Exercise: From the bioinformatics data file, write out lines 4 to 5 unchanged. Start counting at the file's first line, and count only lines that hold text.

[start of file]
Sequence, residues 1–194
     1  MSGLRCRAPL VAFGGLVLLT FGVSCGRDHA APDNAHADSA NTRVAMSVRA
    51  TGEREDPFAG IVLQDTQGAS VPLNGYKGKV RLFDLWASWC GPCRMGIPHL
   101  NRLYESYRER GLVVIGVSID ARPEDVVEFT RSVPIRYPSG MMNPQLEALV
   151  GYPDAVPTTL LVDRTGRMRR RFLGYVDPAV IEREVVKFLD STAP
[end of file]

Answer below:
   101  NRLYESYRER GLVVIGVSID ARPEDVVEFT RSVPIRYPSG MMNPQLEALV
   151  GYPDAVPTTL LVDRTGRMRR RFLGYVDPAV IEREVVKFLD STAP